Researchers say they have found new evidence of an "ocean" deep inside Earth. For the past few years, researchers had been assuming that there might be something hidden in the Earth's core.
The findings were published in Nature Geoscience by an international team of researchers after analyzing an extremely rare diamond formed at a depth about 410 miles beneath Botswana.
A boundary between Earth's upper and lower mantle, known as the transition zone which extends hundreds of miles into Earth's interior—holds far more water and carbon dioxide than has been estimated.
The research could change our understanding about Earth's water cycle and have far-reaching implications for how it evolved in the marine world we know today over the past 4.5 billion years.
"In this study we have shown that the transition zone is not a dry and sponge area, but it holds considerable amounts of water" Frank Brenker, a geologist at Goethe University in Frankfurt, said in a statement.
"This brings us one step closer to Jules Verne's idea of an ocean inside the Earth." Although this massive reservoir is a deep slurry of sediment and hydrous rock – and at nearly unimaginable pressures – it can be extraordinary in total volume.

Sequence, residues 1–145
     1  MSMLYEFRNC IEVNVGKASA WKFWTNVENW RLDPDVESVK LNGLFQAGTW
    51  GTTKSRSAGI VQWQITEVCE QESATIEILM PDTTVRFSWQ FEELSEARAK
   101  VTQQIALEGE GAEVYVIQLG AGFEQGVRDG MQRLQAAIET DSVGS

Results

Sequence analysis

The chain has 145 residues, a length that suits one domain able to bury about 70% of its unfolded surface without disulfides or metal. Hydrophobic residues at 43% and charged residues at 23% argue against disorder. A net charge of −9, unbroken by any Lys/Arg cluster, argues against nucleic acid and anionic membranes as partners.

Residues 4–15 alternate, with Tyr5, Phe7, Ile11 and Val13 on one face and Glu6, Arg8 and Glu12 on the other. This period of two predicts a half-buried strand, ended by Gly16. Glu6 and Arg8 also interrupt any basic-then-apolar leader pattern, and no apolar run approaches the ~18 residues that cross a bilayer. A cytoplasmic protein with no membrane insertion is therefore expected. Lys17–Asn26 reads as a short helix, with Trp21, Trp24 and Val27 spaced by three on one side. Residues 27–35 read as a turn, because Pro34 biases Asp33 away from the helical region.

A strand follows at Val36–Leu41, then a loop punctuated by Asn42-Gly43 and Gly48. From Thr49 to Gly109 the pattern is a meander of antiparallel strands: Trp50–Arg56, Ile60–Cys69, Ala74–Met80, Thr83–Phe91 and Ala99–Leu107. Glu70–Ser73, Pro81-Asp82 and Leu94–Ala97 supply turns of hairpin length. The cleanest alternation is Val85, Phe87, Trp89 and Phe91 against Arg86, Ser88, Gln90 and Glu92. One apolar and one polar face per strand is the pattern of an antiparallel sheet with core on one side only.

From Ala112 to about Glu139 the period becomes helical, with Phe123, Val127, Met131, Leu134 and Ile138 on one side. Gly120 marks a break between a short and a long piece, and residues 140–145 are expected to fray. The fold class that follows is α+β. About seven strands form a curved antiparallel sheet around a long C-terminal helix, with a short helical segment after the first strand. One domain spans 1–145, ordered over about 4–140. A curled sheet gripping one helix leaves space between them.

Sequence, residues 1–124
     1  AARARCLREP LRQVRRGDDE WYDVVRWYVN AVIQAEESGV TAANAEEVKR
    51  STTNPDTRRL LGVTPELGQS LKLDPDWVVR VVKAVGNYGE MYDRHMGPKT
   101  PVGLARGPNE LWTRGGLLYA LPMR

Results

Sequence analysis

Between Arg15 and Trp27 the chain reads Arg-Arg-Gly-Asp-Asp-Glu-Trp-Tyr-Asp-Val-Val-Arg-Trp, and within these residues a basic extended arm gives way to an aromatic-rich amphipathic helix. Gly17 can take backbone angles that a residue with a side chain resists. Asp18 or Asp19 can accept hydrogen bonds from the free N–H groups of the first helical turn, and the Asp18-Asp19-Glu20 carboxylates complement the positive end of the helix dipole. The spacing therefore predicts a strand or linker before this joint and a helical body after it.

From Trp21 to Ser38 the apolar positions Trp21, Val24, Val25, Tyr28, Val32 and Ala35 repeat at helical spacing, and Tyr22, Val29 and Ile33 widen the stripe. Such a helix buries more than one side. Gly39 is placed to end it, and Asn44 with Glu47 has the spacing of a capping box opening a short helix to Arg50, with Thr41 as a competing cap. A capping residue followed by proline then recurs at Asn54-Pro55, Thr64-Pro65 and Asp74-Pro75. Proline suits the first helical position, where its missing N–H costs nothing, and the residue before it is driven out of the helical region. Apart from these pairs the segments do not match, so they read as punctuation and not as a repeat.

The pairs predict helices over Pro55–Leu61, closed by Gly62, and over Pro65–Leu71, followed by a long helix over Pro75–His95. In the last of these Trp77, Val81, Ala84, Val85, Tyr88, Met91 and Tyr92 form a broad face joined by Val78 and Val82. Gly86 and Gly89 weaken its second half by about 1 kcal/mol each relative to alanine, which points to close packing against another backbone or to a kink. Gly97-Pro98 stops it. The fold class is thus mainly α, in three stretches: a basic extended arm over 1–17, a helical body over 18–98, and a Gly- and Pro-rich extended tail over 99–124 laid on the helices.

"These sediments can hold large amounts of water and carbon dioxide" Branker said. "But until now it was unclear how much enters the transition zone in the form of more stable, hydrous minerals and carbonates - and so it was also unclear whether large amounts of water are actually stored there."
In fact, it is estimated that the transition zone alone may contain up to six times the total amount of water present in all oceans of Earth.
The diamond came from a region of Earth's mantle where ringwoodite (an element that forms only under high levels of pressure and temperature in Earth's mantle) but it can hold water well that is most popular.
Scientists already suspected there was too much water in Earth's transition zone after analyzing a similar diamond in 2014, but the latest research adds credence to this theory.
"If you only have one sample, it could just be a local hydrous field" Suzette Timmerman, a mental geochemist and postdoctoral fellow at the University of Alberta who was not involved in the study, told Scientific American.
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